The answer has been stated before, but I will not hesitate to state it again: the U.S. does not want any country in the Middle East to be powerful except apartheid Israel. Iran is a power broker in that part of the world, so the U.S. must reduce it to ruins, if it possibly can, as it did with Iraq. However, Iran is not Iraq: it is far bigger, more heavily populated, and more powerful than Iraq ever was. An invasion of Iran would be a disaster for the U.S., the Middle East and quite possibly, the entire world.

Will any of that matter to U.S. President Donald Trump? Probably not. He only cares about his popularity (his poll numbers are dismal, but he thinks they are just part of media lies; he seems to believe he is beloved around the world), and has only a minimal grasp, if any at all, of history, politics or current events. He is surrounded by the likes of Mr. Mattis, who also seems more than amenable to walking wide-eyed into certain disaster. Will Secretary of State Rex Tillerson be the voice of reason? When pigs fly. Mr. Tillerson has said that U.S. policy is “to work toward support of those elements inside of Iran that would lead to a peaceful transition of that government,” possibly, one might think, in the way the U.S. is supporting elements inside of Syria that are working, at U.S. behest, to overthrow that government. The fact that Iranian president Rouhani was elected in a democratic process is not sufficient for Mr. Tillerson.

Perhaps we can look to the U.S. senate for some restraint: hardly. It recently voted 98 – 2 to increase sanctions on Iran.

The only real hope is that the U.S. will react to pressure from Russia, which will not look kindly on an attack on its ally. Perhaps, just perhaps, Messrs. Trump, Mattis, Tillerson, et. Al will be sufficiently cognizant of the risks of a nuclear world war to prevent it. It is beyond frightening to consider that that is the slim hope upon which civilization relies.

More articles by:

Robert Fantina’s latest book is Empire, Racism and Genocide: a History of US Foreign Policy (Red Pill Press).

September 19, 2018
Bruce E. Levine
When Bernie Sold Out His Hero, Anti-Authoritarians Paid
Lawrence Davidson
Political Fragmentation on the Homefront
George Ochenski
How’s That “Chinese Hoax” Treating You, Mr. President?
Cesar Chelala
The Afghan Morass
Chris Wright
Three Cheers for the Decline of the Middle Class
Howard Lisnoff
The Beat Goes On Against Protest in Saudi Arabia
Nomi Prins 
The Donald in Wonderland: Down the Financial Rabbit Hole With Trump
Jack Rasmus
On the 10th Anniversary of Lehman Brothers 2008: Can ‘IT’ Happen Again?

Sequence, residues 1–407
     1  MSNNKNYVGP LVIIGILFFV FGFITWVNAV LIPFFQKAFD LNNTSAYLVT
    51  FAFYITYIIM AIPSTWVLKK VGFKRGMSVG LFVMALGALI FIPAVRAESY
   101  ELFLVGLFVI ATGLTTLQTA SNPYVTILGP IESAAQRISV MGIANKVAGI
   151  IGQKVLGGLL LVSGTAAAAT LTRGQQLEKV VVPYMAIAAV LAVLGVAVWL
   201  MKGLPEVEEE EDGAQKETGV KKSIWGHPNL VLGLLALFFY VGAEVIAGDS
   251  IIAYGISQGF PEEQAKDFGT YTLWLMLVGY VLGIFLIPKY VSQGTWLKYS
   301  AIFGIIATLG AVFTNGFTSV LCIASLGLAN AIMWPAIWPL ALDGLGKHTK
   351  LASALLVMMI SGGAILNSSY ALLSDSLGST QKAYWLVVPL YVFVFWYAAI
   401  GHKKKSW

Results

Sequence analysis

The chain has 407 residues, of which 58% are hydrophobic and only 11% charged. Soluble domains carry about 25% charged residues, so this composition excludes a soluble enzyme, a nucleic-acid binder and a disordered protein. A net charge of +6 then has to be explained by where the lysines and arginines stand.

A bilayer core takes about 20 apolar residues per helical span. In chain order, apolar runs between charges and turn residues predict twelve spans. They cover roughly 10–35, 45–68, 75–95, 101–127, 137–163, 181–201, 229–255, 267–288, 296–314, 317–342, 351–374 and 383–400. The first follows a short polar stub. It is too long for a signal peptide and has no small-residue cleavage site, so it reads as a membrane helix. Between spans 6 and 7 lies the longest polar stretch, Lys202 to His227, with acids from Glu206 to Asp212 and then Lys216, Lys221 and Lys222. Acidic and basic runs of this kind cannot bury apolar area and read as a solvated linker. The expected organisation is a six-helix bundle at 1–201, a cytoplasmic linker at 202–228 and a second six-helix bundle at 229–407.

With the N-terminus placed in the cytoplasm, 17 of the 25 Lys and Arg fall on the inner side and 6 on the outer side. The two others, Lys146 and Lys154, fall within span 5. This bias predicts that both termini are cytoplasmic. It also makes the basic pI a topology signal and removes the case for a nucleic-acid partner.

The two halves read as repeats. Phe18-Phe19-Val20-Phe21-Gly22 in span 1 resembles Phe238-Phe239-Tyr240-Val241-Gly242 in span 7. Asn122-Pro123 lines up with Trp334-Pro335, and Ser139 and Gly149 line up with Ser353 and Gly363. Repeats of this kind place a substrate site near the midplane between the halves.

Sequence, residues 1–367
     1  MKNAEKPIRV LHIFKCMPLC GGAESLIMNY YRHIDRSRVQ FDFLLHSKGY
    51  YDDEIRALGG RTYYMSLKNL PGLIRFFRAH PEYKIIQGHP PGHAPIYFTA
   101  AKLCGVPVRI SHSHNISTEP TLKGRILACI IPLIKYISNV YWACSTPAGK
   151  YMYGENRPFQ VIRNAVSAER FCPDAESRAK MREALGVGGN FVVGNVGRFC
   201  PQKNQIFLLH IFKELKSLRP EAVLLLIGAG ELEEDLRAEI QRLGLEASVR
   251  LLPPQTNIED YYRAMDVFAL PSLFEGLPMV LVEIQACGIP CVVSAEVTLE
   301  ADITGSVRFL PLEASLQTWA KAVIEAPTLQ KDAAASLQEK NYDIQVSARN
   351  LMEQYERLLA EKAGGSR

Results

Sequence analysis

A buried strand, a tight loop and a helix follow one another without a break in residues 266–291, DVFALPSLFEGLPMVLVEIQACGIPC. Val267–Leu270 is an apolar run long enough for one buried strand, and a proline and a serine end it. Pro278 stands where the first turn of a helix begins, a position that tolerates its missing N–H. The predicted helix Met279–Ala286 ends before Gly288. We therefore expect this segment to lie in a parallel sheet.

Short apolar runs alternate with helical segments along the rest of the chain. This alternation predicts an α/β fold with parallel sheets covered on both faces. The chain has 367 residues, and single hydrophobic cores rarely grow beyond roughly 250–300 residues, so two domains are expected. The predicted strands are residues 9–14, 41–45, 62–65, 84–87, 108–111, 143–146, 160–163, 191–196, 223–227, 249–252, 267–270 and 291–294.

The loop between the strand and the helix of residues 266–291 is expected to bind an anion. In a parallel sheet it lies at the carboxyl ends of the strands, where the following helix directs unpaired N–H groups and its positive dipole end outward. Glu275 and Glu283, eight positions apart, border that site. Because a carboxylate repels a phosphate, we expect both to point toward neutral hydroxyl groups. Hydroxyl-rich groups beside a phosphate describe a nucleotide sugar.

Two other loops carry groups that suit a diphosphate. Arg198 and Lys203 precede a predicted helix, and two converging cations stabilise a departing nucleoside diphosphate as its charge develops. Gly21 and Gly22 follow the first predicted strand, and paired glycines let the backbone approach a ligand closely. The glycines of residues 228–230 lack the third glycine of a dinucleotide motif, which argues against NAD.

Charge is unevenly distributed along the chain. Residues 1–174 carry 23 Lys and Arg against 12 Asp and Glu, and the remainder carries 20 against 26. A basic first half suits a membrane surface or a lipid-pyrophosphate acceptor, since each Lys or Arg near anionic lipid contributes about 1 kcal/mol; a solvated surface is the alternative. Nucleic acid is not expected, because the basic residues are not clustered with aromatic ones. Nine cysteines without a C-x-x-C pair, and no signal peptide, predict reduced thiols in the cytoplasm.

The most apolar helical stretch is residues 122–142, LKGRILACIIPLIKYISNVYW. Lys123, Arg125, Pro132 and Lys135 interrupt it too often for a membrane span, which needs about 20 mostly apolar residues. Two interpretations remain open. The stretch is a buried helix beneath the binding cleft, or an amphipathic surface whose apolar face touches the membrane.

Richard Schuberth
Make Them Suffer Too
Geoff Beckman
Kavanaugh in Extremis
Jonathan Engel
Rather Than Mining in Irreplaceable Wilderness, Why Can’t We Mine Landfills?
Binoy Kampmark
Needled Strawberries: Food Terrorism Down Under
Michael McCaffrey
A Curious Case of Mysterious Attacks, Microwave Weapons and Media Manipulation
Elliot Sperber
Eating the Constitution
September 18, 2018
Conn Hallinan
Britain: the Anti-Semitism Debate
Tamara Pearson
Why Mexico’s Next President is No Friend of Migrants
Richard Moser
Both the Commune and Revolution
Nick Pemberton
Serena 15, Tennis Love
Binoy Kampmark
Inconvenient Realities: Climate Change and the South Pacific
Martin Billheimer
La Grand’Route: Waiting for the Bus
John Kendall Hawkins
Seymour Hersh: a Life of Adversarial Democracy at Work
Faisal Khan
Is Israel a Democracy?
John Feffer
The GOP Wants Trumpism…Without Trump
Kim Ives
The Roots of Haiti’s Movement for PetroCaribe Transparency
Dave Lindorff
We Already Have a Fake Billionaire President; Why Would We want a Real One Running in 2020?
Gerry Brown
Is China Springing Debt Traps or Throwing a Lifeline to Countries in Distress?
Pete Tucker
The Washington Post Really Wants to Stop Ben Jealous
Dean Baker
Getting It Wrong Again: Consumer Spending and the Great Recession
September 17, 2018
Melvin Goodman
What is to be Done?
Rob Urie
American Fascism
Patrick Cockburn
The Adults in the White House Trying to Save the US From Trump Are Just as Dangerous as He Is
Jeffrey St. Clair - Alexander Cockburn
The Long Fall of Bob Woodward: From Nixon’s Nemesis to Cheney’s Savior
Mairead Maguire
Demonization of Russia in a New Cold War Era
Dean Baker
The Bank Bailout of 2008 was Unnecessary
Wim Laven
Hurricane Trump, Season 2
Yves Engler
Smearing Dimitri Lascaris
Ron Jacobs
From ROTC to Revolution and Beyond
Clark T. Scott
The Cannibals of Horsepower
Binoy Kampmark
A Traditional Right: Jimmie Åkesson and the Sweden Democrats
Laura Flanders
History Markers
Weekend Edition
September 14, 2018
Friday - Sunday
Carl Boggs
Obama’s Imperial Presidency
Joshua Frank
From CO2 to Methane, Trump’s Hurricane of Destruction
Jeffrey St. Clair
Maria’s Missing Dead
Andrew Levine
A Bulwark Against the Idiocy of Conservatives Like Brett Kavanaugh
T.J. Coles
Neil deGrasse Tyson: A Celebrity Salesman for the Military-Industrial-Complex
FacebookTwitterGoogle+RedditEmail